by Jennifer Sweeney
\When I consume fat, I want to know exactly what type of fat and where it came from. I eat saturated fat, and cook with with it, including ghee (clarified butter), bacon fat, tallow, lard, full-fat coconut milk and coconut oil. But I make sure the the sources of these fats are organic and from grass-fed animals and pastured pork.
A recent news headline in Medline Plus stated:
Lona Sandon, an assistant professor of clinical nutrition with the University of Texas Southwestern Medical Center at Dallas, cautioned against interpreting the study’s mixed message as a license to loosen up limits on saturated fat consumption.
“Trans fat remains a definite concern,” she said. “Saturated fats are a little up in the air. Part of the problem is that we know that there are some saturated fats that are not harmful and possibly even beneficial. However, you cannot separate out the healthy types of saturated fats from those that are not so healthy. They come packaged together in foods,” she explained.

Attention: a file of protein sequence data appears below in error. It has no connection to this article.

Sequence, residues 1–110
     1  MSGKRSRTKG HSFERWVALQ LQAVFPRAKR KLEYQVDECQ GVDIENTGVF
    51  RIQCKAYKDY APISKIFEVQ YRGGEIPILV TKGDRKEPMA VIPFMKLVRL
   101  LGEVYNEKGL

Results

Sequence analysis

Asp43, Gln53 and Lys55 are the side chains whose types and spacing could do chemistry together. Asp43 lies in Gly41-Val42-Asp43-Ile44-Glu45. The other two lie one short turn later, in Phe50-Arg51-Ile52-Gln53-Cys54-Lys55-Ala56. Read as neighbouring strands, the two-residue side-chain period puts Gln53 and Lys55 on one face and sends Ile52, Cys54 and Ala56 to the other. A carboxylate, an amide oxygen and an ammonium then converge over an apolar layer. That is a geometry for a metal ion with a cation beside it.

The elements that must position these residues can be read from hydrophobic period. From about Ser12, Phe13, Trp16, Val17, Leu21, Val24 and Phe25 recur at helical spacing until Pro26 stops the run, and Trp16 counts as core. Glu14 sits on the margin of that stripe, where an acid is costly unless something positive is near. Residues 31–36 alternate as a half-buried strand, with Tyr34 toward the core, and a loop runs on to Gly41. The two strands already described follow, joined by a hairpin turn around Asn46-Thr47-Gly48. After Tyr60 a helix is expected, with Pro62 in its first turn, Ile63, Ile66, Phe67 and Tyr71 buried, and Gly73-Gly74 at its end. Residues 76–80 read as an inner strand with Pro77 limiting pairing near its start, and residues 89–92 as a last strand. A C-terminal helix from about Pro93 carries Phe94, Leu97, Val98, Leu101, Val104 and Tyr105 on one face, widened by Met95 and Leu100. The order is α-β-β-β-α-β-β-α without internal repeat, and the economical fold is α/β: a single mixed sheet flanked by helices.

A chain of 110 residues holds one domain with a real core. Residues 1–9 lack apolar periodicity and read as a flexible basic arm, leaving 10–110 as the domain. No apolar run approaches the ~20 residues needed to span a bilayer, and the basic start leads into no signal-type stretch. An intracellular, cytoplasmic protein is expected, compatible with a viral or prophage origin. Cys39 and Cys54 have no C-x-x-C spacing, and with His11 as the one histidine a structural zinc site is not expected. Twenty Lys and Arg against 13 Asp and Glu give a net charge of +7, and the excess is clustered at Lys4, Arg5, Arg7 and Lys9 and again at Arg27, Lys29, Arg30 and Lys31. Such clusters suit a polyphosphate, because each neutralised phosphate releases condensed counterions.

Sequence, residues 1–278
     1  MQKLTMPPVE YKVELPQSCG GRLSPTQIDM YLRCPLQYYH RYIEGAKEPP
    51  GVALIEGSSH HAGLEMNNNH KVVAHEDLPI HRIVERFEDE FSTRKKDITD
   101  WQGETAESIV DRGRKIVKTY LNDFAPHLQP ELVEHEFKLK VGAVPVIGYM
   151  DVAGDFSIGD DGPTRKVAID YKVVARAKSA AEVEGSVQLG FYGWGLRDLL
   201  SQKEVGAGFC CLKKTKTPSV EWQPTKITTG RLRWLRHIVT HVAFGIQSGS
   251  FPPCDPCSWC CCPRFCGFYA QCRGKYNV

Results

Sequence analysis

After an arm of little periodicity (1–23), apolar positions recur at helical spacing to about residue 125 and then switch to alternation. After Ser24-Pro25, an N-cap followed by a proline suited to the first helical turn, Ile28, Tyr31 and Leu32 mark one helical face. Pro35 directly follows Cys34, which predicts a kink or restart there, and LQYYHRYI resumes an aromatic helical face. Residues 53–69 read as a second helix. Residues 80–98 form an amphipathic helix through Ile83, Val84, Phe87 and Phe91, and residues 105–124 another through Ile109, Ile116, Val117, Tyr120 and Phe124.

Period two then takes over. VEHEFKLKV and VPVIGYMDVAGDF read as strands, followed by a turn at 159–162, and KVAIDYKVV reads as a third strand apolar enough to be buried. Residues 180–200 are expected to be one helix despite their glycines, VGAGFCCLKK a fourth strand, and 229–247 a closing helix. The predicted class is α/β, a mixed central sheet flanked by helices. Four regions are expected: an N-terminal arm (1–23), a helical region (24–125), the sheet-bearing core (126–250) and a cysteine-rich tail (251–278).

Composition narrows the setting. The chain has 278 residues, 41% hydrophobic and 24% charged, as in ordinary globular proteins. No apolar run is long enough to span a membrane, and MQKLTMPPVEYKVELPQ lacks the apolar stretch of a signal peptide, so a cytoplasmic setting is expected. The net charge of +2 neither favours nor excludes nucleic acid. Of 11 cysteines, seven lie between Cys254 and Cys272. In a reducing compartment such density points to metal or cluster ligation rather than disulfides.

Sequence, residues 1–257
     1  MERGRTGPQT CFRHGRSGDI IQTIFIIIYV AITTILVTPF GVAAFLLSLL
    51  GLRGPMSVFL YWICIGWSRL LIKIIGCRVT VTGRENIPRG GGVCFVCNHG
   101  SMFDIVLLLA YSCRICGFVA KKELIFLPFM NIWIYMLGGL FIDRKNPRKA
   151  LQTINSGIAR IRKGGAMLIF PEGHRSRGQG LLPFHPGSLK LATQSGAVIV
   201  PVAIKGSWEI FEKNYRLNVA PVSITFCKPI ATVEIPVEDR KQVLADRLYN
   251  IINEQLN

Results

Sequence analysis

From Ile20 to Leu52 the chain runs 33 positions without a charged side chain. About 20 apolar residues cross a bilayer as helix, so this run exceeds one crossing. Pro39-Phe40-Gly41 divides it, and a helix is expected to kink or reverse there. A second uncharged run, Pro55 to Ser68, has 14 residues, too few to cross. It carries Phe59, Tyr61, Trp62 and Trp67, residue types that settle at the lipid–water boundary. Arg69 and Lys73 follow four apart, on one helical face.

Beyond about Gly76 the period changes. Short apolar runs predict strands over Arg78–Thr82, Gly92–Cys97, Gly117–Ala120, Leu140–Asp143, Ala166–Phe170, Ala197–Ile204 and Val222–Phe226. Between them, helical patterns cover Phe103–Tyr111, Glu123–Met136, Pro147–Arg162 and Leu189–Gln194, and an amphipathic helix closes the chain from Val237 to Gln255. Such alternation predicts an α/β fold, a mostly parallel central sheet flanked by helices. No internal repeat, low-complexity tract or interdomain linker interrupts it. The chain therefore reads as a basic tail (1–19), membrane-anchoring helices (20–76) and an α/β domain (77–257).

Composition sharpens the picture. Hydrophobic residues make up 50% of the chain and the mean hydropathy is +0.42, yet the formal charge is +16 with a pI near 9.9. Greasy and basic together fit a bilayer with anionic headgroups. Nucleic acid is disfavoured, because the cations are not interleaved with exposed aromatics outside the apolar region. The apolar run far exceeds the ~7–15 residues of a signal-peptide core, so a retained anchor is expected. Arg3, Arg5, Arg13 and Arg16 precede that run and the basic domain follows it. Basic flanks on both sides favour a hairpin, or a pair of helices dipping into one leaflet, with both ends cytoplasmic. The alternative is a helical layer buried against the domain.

Unfortunately, the person writing the article didn’t probe further. What did Sandon mean by “packaged together”? For me, that suggests we’re talking about processed foods. Perhaps the headline should read: “Stay away from packaged and processed foods.”
Sandon suggests that some saturated fats are “possibly even beneficial”, and that is true. As The Paleo Mom, Sarah Ballantyne, PhD says,
The saturated fat in meat and eggs is a long-chain saturated fat. It is not the unhealthy fat that was once wrongfully accused as the cause of cardiovascular disease, but how healthy it is for you is still under debate. My suggestion is to not worry about it, but don’t go out of your way to eat more of it either. Coconut and palm oil contain a medium chain saturated fat and this is very special.
An often-overlooked issue with fat is what we use when cooking. And this is where saturated fats shine. As Ballantyne puts it,
Saturated fats are the only fats you should cook with on a regular basis. This is because poly-unsaturated fats do something very bad when they get heated up: they oxidize and produce Advanced Glycation End-Products (AGEs). This means two things: they do go rancid much more easily and, if they do produce AGEs, they can cause oxidative damage to the cells in your body.
The best way you can control what you put in your body is to cook your own food and avoid processed foods. And when you cook, use saturated fats.
Your body will thank you!